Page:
The terrorism and political chaos that has rocked Turkey
this year looms large over the aggressive expansion plans of Turkish Airlines.
The world’s 13th largest carrier in terms of capacity,
according to IATA, Turkish grew in size by an additional 19% in the first
quarter. In contrast, IATA forecasts just 7.4% growth industrywide this year.
Turkish said that by the end of 2016, it will be the world’s
10th largest airline, with a global market share of 2.1%.
But while analysts don’t dismiss Turkish’s chances for
success, they said that the carrier will have to overcome July’s failed
political coup, the terrorist attack on Istanbul’s Ataturk Airport in June and
a string of other terrorist attacks that are scaring tourists off in droves.
“Obviously the political situation in Turkey will affect
them greatly, but it’s anyone’s guess how that will pan out,” said U.K.-based
aviation analyst Barry Humphreys.
With tourism in Turkey already reeling, Turkish recorded
a loss of $421 million during the first three months of 2016, compared with a
$153 million profit a year earlier.
That figure could get worse if its revenue tracks the plunge
in tourism to Turkey. The number of foreigners who arrived in the country was
off 28% in April and almost 35% in May, after smaller drops during the first
three months of 2016.
Meanwhile, June was the worst month of the year for Istanbul
hotels, with occupancy falling 26 points from the previous June, to 40%. Revenue
per available room plunged 59%, to $39.
And those dismal numbers don’t reflect the fallout from the
June 28 attack on Ataturk, which left more than 40 people dead. Nor do they
reflect the new declines that will almost surely result from the failed
military coup attempt against Turkey president Recep Tayyip Erdogan on July 15.
In the aftermath of that coup attempt, the FAA shut down all
flights between the U.S. and Turkey for three days.
As Turkey’s tourism industry faces cataclysm, the business
model of Turkish Airlines could prove to be a saving grace. While the carrier
serves direct tourism to Turkey, it focuses more heavily on connecting
international travelers through centrally located Istanbul.
During the first quarter, 59% of international passengers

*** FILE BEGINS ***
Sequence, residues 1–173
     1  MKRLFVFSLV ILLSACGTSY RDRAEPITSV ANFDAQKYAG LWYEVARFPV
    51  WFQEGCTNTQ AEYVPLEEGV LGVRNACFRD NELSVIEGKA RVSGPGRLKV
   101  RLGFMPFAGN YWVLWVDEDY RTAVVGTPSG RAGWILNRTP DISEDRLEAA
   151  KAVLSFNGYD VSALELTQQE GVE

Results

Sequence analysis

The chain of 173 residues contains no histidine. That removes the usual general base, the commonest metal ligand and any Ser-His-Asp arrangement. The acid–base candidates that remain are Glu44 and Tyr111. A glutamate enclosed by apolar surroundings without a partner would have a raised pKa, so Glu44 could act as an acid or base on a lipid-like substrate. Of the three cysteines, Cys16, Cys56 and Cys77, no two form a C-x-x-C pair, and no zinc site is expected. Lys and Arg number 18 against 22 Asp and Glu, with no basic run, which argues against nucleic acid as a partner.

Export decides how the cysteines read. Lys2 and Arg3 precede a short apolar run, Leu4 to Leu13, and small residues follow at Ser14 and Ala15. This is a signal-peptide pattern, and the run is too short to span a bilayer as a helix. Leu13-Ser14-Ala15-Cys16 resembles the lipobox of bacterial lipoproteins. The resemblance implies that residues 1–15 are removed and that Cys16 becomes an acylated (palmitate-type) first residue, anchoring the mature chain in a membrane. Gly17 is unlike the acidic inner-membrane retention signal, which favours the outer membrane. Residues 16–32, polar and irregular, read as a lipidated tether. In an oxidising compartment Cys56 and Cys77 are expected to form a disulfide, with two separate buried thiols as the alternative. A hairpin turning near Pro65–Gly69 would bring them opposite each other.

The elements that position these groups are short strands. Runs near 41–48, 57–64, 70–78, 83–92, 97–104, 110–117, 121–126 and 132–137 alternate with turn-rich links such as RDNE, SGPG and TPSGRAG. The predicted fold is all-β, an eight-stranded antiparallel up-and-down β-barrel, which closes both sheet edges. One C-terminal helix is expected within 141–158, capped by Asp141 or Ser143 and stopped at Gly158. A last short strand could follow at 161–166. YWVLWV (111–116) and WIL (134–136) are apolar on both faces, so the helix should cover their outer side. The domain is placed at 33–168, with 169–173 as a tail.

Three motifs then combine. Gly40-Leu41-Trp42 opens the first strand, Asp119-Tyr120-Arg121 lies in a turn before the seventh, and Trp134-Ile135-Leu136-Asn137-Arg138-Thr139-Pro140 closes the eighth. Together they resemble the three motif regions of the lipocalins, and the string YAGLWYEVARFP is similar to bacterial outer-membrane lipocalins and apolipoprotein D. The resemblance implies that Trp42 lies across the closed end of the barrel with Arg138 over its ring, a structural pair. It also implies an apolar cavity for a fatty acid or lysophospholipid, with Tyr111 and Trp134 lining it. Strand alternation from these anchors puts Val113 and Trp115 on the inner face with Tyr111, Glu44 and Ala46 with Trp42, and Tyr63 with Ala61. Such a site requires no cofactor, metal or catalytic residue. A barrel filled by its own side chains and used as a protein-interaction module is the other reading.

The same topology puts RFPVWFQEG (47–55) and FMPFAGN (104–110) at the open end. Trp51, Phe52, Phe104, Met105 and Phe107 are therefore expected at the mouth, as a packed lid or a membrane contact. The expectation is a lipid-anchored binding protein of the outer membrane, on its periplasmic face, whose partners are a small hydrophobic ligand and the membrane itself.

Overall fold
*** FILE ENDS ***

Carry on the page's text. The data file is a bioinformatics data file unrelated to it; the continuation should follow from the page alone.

who flew Turkish were stopping in Istanbul only to catch a flight to another
destination, company figures showed. The airline services 290 airports around
the world, including 241 outside of Turkey. Its robust network of 128 countries
includes significant presences on every continent except South America,
Australia and Antarctica.
Turkish serves nine markets in the U.S., offering daily
flights to Istanbul from San Francisco, Los Angeles, Houston Bush, Chicago
O’Hare, Washington Dulles, Boston, Atlanta and Miami as well as three daily
flights from New York.
In fact, Turkish serves more countries than any of the
much-discussed Gulf carriers Emirates, Qatar and Etihad.
But even Turkish’s connecting business could take a hit for
now, said Mike Boyd, president of aviation consultancy group Boyd Group
“They are going to have to sit back and try to get through
it,” he said.
Turkish Airlines declined requests for comment for this
story. But Boyd said that the airline should push forward with its expansion
plans despite the difficult circumstances.
“They have built a hugely positive reputation for
reliability, for service, for quality. So the airline itself is a leader in
that,” he said. “It’s just where they are located. They had a terrorist attack
and a coup, and that cuts down on the number of people from Omaha who want to
connect through there. My gut is that they are doing the right thing. They
can’t just climb under a rock and hope that everything will get better.”
If the carrier can ride out the storm, its persistence could
bring a pot of gold.
Last year, Ataturk serviced 61.3 million passengers, making
it the third largest gateway in Europe, behind only London Heathrow and Paris
de Gaulle, according to the publication Airport World. But with Ataturk nearly
at full capacity, Turkey is currently building an $11.2 billion airport outside
Istanbul that will ultimately handle an annual capacity of 150 million
However, Brett Snyder, who runs the aviation blog Cranky
Flier, questioned whether the airline will be able to sustain its growth
without major boosts from the government, which owns just under 50% of the
“As long as Erdogan sees fit to continue to push Turkish as
a fast-growing airline, he can do it. And he can fund it,” Snyder wrote in a
post this week. “If Turkish needs to be a profitable business, however, that’s
going to be a real challenge.”